April 27, 2018: Science
https://www.readbyqxmd.com/read/29593748/high-mobility-group-nucleosome-binding-protein-1-as-endogenous-ligand-induces-innate-immune-tolerance-in-a-tlr4-sirtuin-1-dependent-manner-in-human-blood-peripheral-mononuclear-cells
#11
Rob J W Arts, Po-Kai Huang, De Yang, Leo A B Joosten, Jos W M van der Meer, Joost J Oppenheim, Mihai G Netea, Shih-Chin Cheng
High-mobility group nucleosome-binding protein 1 (HMGN1) functions as a non-histone chromatin-binding protein in the cell nucleus. However, extracellular HMGN1 acts as an endogenous danger-associated inflammatory mediator (also called alarmin ). We demonstrated that HMGN1 not only directly stimulated cytokine production but also had the capacity to induce immune tolerance by a TLR4-dependent pathway, similar to lipopolysaccharide (LPS)-induced tolerance. HMGN1-induced tolerance was accompanied by a metabolic shift associated with the inhibition of the induction of Warburg effect (aerobic glycolysis) and histone deacetylation via Sirtuin-1...
2018: Frontiers in Immunology
https://www.readbyqxmd.com/read/29502308/biochemistry-of-proinflammatory-macrophage-activation
#12
REVIEW
Yannic Nonnenmacher, Karsten Hiller
In the last decade, metabolism has been recognized as a major determinant of immunological processes. During an inflammatory response, macrophages undergo striking changes in their metabolism. This metabolic reprogramming is governed by a complex interplay between metabolic enzymes and metabolites of different pathways and represents the basis for proper macrophage function. It is now evident that these changes go far beyond the well-known Warburg effect and the perturbation of metabolic targets is being investigated as a means to treat infections and auto-immune diseases...
June 2018: Cellular and Molecular Life Sciences: CMLS
https://www.readbyqxmd.com/read/29404815/intra-cellular-lactate-concentration-in-t-lymphocytes-from-septic-shock-patients-a-pilot-study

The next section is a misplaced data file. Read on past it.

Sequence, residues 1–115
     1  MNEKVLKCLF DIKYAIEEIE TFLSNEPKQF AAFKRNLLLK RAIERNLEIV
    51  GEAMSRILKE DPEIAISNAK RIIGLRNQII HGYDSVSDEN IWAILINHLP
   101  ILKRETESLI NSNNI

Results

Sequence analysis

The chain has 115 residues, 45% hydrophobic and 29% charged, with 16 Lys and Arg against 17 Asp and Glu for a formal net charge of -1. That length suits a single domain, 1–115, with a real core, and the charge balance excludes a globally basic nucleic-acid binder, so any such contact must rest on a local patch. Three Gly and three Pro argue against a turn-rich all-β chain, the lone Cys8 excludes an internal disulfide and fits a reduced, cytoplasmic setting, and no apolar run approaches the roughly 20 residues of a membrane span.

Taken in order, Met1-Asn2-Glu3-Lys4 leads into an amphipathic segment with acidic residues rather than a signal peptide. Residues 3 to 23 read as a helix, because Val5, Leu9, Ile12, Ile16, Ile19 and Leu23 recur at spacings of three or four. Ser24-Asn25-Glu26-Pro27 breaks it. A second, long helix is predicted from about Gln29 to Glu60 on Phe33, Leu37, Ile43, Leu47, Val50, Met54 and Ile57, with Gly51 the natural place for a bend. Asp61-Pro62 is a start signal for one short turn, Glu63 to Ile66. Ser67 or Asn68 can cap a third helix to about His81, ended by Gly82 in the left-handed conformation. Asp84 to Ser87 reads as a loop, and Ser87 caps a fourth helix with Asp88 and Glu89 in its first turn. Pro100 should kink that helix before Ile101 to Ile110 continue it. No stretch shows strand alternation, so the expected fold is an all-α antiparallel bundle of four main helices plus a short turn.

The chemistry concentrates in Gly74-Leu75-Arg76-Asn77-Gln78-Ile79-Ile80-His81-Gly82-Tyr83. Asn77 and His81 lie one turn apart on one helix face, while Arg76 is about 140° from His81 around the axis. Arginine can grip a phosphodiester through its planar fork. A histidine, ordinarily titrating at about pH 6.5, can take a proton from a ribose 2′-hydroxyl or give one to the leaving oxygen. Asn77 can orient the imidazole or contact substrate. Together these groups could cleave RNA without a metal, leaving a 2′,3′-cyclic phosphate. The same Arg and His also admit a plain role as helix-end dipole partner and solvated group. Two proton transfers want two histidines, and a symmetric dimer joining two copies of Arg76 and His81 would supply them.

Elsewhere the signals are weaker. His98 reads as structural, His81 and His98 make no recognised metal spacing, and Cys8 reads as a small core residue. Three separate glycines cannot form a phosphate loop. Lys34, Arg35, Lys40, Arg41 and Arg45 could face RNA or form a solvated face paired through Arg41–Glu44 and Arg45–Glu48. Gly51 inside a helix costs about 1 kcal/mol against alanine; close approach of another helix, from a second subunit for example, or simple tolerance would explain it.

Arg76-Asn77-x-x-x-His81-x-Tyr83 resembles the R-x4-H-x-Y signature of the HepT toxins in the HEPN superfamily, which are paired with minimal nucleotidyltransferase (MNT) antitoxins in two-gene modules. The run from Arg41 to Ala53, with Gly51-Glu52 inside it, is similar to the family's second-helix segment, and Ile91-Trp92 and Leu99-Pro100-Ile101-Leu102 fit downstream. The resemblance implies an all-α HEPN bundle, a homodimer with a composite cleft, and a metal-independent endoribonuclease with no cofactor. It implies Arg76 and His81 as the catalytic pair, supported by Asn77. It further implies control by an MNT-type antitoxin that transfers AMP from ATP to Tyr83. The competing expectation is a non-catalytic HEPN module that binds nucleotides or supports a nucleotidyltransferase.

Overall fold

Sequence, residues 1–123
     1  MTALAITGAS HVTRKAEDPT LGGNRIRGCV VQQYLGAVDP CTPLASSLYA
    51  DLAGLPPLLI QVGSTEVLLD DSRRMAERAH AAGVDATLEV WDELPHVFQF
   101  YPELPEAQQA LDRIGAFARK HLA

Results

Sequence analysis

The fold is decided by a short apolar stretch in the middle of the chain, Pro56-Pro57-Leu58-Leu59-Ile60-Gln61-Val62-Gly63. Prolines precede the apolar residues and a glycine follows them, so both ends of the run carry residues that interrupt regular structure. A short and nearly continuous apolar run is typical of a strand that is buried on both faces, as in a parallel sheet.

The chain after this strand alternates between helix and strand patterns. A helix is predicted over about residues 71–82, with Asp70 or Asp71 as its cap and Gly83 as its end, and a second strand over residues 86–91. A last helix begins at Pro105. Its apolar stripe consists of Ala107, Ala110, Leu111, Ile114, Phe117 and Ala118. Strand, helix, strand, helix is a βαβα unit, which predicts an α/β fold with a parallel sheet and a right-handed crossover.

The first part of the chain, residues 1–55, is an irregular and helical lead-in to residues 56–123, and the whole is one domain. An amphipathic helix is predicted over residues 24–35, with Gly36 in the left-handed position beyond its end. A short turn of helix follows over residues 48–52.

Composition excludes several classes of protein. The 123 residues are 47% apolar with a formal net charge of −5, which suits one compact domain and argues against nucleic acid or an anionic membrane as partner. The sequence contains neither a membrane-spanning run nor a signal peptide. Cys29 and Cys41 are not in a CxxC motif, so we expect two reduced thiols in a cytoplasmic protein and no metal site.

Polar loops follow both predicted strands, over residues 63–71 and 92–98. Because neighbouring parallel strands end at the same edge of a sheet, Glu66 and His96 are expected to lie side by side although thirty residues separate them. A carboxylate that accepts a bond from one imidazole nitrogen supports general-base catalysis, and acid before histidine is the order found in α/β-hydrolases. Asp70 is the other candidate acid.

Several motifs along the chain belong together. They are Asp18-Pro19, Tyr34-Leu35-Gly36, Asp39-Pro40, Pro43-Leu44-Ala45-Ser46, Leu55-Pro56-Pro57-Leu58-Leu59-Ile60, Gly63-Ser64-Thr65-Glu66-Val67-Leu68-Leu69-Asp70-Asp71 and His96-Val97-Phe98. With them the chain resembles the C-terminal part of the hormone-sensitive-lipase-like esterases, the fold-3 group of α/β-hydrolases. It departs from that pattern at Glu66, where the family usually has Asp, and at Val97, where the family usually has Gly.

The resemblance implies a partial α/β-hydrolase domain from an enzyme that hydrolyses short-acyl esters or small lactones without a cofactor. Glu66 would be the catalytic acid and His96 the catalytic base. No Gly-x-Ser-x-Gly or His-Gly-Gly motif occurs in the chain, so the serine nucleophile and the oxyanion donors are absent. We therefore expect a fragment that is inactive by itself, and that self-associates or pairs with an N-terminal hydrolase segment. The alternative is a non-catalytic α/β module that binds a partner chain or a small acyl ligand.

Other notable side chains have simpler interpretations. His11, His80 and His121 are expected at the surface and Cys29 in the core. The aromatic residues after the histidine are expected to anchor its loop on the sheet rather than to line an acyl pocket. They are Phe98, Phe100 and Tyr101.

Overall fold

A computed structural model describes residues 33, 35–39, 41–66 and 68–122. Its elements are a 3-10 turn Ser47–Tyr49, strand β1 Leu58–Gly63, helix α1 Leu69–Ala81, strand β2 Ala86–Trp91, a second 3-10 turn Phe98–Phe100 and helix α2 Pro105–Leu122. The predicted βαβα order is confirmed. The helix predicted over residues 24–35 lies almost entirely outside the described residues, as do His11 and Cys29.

#13
Thibaut Girardot, Thomas Rimmelé, Guillaume Monneret, Julien Textoris, Fabienne Venet
BACKGROUND: Sepsis-associated hyperlactatemia is a widely used biomarker, associated with initial severity and poor outcomes. This increased circulating lactate concentration has been proposed to result in part from a mismatch between oxygen delivery and demand in organs. However, other mechanisms may participate. In particular, a metabolic reprogramming similar to the Warburg effect initially described in cancer cells could lead to increased lactate production by immune cells such as T lymphocytes after sepsis...
February 5, 2018: Intensive Care Medicine Experimental
https://www.readbyqxmd.com/read/29290768/modulated-electro-hyperthermia-induced-loco-regional-and-systemic-tumor-destruction-in-colorectal-cancer-allografts
#14
Tamas Vancsik, Csaba Kovago, Eva Kiss, Edina Papp, Gertrud Forika, Zoltan Benyo, Nora Meggyeshazi, Tibor Krenacs
Background: Modulated electro-hyperthermia (mEHT), a non-invasive intervention using 13.56 MHz radiofrequency, can selectively target cancers due to their elevated glycolysis (Warburg-effect), extracellular ion concentration and conductivity compared to normal tissues. We showed earlier that mEHT alone can provoke apoptosis and damage associated molecular pattern (DAMP) signals in human HT29 colorectal cancer xenografts of immunocompromised mice. Materials: Here we tested the mEHT induced stress and immune responses in C26 colorectal cancer allografts of immunocompetent (BALB/c) mice between 12-72 h post-treatment...
2018: Journal of Cancer
https://www.readbyqxmd.com/read/29279329/purine-nucleotide-metabolism-regulates-expression-of-the-human-immune-ligand-mica
#15
Michael T McCarthy, Gerard Moncayo, Thomas K Hiron, Niels A Jakobsen, Alessandro Valli, Tomoyoshi Soga, Julie Adam, Christopher A O'Callaghan
Expression of the cell-surface glycoprotein MHC class I polypeptide-related sequence A (MICA) is induced in dangerous, abnormal, or "stressed" cells, including cancer cells, virus-infected cells, and rapidly proliferating cells. MICA is recognized by the activating immune cell receptor natural killer group 2D (NKG2D), providing a mechanism by which immune cells can identify and potentially eliminate pathological cells. Immune recognition through NKG2D is implicated in cancer, atherosclerosis, transplant rejection, and inflammatory diseases, such as rheumatoid arthritis...
March 16, 2018: Journal of Biological Chemistry